With the deadline to comply with the new sim card regulations looming, telecom regulator, Rwanda Utilities and Regulatory Authority (RURA) says that an estimated 10 per cent of mobile phone subscribers risk to be switched off.
As reported by Watchdog, the new regulations on the registration of simcards announced by RURA allows nationals a maximum of three sim-cards on each network bringing the maximum one can hold to six—three on MTN and three on Airtel.
Foreign passport holders will only be allowed one sim card on each network.
Patrick Nyirishema, the Director General of RURA, said that part of the total subscribers from the two telecommunication companies operating in the country could be affected.
“We are working real time with the operators (MTN and Airtel-Tigo), but right now, potentially about 10 per cent of subscribers, we think, will be affected,” he said.
As of December 2018, both MTN and Airtel had a combined 9.7 million subscribers. This means that at least 900,000 sim cards will be de-registered by the deadline that falls on January 31.
With the growing sim card related fraud, RURA issued new directives on SIM-card registration regulations.
The changes in sim-card ownership regulations will, among other things, improve digital identities via sim-cards, RURA says.
The move will also exempt corporate and business entities who would like to have multiple sim-cards for their operations and employees. Applications for exemptions will be reviewed by RURA on a case by case basis but can be made through the respective service providwers.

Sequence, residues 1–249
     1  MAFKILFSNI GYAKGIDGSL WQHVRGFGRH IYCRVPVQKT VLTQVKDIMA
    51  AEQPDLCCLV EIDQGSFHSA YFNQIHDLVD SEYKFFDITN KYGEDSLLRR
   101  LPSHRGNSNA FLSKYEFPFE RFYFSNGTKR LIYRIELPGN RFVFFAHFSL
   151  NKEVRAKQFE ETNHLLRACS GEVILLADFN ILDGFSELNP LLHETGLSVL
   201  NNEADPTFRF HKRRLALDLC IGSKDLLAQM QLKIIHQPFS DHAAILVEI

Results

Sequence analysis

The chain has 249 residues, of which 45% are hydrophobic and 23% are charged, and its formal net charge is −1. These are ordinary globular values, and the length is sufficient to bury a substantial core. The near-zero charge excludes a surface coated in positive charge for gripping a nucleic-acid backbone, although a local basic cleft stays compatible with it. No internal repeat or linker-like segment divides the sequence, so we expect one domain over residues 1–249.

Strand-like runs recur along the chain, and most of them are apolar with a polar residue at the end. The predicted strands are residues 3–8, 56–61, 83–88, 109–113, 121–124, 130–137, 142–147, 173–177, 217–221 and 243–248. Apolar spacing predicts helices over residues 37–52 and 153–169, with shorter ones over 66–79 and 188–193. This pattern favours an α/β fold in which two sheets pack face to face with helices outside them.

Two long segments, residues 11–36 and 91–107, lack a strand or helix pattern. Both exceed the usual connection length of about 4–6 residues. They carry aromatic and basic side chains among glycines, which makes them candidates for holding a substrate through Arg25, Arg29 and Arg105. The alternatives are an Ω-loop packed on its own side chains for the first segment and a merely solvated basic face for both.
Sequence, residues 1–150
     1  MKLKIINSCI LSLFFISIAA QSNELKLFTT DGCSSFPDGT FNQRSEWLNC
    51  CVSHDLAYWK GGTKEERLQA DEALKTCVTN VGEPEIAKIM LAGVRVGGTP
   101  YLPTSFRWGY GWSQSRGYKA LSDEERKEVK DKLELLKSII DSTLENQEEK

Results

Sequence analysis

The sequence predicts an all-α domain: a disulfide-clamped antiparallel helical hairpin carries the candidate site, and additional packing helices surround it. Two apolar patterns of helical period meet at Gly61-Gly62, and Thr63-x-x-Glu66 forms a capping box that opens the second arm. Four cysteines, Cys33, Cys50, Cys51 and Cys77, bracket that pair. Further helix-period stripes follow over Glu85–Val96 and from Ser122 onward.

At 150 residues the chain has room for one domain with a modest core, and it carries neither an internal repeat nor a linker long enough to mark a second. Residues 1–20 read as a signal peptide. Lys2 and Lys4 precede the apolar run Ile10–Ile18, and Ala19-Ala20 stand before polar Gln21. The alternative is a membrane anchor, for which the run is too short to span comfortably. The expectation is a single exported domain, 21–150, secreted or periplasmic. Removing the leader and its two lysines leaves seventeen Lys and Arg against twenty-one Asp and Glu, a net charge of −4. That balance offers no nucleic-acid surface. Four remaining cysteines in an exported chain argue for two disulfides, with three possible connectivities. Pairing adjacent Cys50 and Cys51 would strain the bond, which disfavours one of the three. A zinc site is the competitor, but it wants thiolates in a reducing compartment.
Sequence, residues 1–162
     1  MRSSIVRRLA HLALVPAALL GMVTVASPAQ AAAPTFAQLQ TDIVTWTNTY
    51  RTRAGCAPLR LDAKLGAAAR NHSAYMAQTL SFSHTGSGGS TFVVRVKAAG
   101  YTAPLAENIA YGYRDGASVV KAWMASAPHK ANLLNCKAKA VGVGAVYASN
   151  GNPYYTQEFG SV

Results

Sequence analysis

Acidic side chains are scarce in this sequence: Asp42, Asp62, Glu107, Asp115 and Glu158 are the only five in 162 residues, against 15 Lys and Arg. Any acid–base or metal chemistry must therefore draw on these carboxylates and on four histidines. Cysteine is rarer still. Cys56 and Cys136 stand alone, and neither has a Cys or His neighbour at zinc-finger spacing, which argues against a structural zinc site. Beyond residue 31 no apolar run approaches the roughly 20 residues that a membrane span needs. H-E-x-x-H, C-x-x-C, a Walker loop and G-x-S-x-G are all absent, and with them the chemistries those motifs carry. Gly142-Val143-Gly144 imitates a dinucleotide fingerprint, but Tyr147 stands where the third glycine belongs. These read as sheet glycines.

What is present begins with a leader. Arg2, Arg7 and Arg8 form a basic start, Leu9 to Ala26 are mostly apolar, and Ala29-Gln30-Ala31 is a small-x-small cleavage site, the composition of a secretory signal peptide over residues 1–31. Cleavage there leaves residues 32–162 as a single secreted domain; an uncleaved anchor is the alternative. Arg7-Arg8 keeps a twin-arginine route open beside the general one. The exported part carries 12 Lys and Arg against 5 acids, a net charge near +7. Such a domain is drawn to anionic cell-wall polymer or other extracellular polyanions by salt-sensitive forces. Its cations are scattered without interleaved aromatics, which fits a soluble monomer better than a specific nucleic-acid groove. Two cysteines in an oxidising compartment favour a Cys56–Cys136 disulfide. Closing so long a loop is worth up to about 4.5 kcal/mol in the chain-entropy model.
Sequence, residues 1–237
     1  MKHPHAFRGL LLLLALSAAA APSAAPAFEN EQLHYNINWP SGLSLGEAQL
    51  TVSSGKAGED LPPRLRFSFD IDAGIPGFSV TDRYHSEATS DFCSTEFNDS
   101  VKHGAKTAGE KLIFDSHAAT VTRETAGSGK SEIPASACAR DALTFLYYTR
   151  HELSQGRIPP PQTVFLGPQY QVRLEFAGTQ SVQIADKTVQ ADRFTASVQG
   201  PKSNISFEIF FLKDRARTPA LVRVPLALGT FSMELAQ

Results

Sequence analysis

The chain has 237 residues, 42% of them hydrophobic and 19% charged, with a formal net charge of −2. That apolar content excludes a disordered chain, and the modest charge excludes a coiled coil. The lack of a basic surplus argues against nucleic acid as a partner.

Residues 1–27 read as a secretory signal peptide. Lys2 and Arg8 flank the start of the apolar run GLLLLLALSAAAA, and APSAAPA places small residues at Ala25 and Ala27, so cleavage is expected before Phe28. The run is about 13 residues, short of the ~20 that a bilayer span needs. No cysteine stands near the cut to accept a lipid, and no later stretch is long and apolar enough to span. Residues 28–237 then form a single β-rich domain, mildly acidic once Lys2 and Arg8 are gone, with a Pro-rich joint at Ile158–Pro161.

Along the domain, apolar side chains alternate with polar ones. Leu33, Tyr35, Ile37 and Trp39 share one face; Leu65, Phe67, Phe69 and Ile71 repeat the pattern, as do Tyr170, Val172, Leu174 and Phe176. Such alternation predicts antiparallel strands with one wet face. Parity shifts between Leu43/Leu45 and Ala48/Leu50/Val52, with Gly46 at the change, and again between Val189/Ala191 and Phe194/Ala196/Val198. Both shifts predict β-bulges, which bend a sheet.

The two telecom companies; MTN and AirtelTigo industry have in recent months witnessed multiple forms of fraud. Indeed MTN, admitted losing millions fraudsters. Rura also cites incidences where agents of the various telecom companies register users without an identification document, leaving room for identity theft.
With telecoms using thousands of agents around the country to handle the services, some agents are less strict on sim card registration requirements, probably due to the commission they earn for new subscribers.
The regulations provide that any activation of a sim card shall be subject to the registration of personal information of the individual subscriber wishing to use that sim card. Telecom companies have embraced the move, saying that it will help curb fraud and identity theft cases which have been harmful to their business.
Using other persons to register a line is also illegal; the regulator says, it was planning a system audit to ascertain whether or not the data given by mobile operators on the listing of SIM cards is true. Operators or their agents are required to register SIM cards, capturing the full identity of owners before activating their lines. Unregistered cards are misused to perpetuate crime, including money laundering, kidnapping, malicious calls, cybercrime and mobile money fraud.
Rwanda’s telecommunications industry registered growth in the third quarter, with figures showing an increase in subscription, penetration and mobile money usage. Data released by RURA indicates that mobile phone subscriptions reached 9,665,544 in October last year compared to 9,321,347 as of end of July from 9,226,721 at the end of June. Also mobile-cellular telephone penetration rate hit 81.8 per cent compared to 76.6 per cent previously. However RURA report showed a decline and increase in the trend of active mobile telephone subscriptions.